Nowadays, when you select a computer or laptop on the internet or in the store, you increasingly have the choice of an SSD (sometimes also M.2 SSD) or an HDD or hard disk. What is an SSD exactly and why is the storage capacity often much smaller (often 128 GB) as opposed to an HDD (often 500 GB to 1 TB)?
What is an SSD?
An SSD is the replacement for the (old-fashioned) hard drive. From the moment that modern computers made their appearance, they use the well-known hard disk. This is the component in the computer on which all data is stored. The hard disk consists of a housing with a rotating disk inside (usually 5400 or 7200 revolutions per minute) where a laser head can read the data at lightning speed.
However, this can be done much faster with an SSD. An SSD consists of a circuit of chips without moving / rotating parts. As a result, the data on the chips can make many people consult faster, up to 10 times faster. On a hard disk the reading speed is around 50 Mbps (megabytes per second) where an SSD can do this up to 500 Mbps.
What is an M.2 SSD?
Normal SSDs have been on the market for about 10 years now and developments are moving at lightning speed. Today, therefore, laptops or computers with an M.2 SSD are also supplied. An M.2 SSD is connected directly to the motherboard without the intervention of a (SATA) cable that still needs a normal hard disk and SSD. This makes the reading and writing speeds many times higher, up to 3500 Mbps reading and 3300 Mbps writing. Compare this with the 50 Mbps that a normal hard disk offers.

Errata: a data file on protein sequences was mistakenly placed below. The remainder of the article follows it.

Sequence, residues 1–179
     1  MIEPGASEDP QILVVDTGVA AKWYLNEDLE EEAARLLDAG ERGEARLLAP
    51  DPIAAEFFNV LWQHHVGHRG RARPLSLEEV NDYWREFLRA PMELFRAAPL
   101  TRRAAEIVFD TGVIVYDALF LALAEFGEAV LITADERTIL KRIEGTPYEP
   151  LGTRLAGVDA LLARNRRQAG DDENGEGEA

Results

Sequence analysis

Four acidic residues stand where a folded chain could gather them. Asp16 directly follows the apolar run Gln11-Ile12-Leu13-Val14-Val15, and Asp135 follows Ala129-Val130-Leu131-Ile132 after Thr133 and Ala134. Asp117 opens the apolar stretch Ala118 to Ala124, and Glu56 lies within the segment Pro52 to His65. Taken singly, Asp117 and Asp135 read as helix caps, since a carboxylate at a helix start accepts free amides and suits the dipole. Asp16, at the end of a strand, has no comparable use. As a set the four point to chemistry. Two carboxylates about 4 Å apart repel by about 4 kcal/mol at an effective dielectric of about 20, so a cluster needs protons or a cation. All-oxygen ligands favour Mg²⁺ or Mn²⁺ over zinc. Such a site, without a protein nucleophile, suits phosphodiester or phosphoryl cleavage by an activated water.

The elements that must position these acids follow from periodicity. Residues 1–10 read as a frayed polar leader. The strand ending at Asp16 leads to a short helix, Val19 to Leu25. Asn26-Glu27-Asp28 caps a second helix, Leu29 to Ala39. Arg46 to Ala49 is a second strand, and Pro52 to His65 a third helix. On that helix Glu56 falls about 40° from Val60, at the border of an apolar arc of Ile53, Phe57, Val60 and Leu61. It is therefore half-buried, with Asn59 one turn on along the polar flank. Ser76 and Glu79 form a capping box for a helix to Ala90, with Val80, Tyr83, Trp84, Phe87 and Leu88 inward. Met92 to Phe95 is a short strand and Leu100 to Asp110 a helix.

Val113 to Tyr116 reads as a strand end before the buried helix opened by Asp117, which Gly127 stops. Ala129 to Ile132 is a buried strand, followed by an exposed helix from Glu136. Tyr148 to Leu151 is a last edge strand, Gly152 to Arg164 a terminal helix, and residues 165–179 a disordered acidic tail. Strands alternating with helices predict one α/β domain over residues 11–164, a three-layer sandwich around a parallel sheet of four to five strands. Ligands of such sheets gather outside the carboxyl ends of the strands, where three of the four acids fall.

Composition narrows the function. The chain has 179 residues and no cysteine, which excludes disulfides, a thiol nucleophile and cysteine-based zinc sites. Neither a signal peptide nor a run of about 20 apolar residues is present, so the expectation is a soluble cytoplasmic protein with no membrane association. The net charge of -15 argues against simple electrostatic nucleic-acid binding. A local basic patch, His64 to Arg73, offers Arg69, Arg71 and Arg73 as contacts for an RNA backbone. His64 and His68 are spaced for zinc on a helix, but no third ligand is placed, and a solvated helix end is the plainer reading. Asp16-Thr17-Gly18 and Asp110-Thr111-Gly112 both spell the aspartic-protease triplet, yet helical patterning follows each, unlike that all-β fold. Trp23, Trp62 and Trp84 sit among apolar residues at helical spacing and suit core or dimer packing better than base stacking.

Why are SSDs often smaller than HDDs?
SSDs are actually no smaller at all but more expensive to make. That is why laptops and desktops with an SSD are often supplied with a smaller storage capacity to reduce costs.
Cost difference per Gb (gigabyte)
The cost per Gb 10 years ago was 1 euro for an SSD compared to 0.10 euro per Gb for a hard disk. Currently this has already been reduced to 0.30 euros per Gb for an SSD compared to 0.10 euros per Gb for a hard disk.
Incidentally, few of our customers have ever succeeded in completely using up the 500 GB to 1 TB on their hard disk and customers with a 256 GB SSD are perfectly capable of using it. That is why we almost always upgrade a computer or laptop with a smaller SSD if it appears that the customer has a lot of space on his or her hard drive.
Is a computer with SSD no longer slow?
That chance is indeed a whole lot smaller or maybe even not at all. This has to do with the fragmentation SSDs do not encounter. Hard disks do suffer from fragmentation, so they need to be defragmented every now and then. Because an SSD no longer has a rotating disk, the data can be consulted without loss of time and defragmentation is no longer necessary.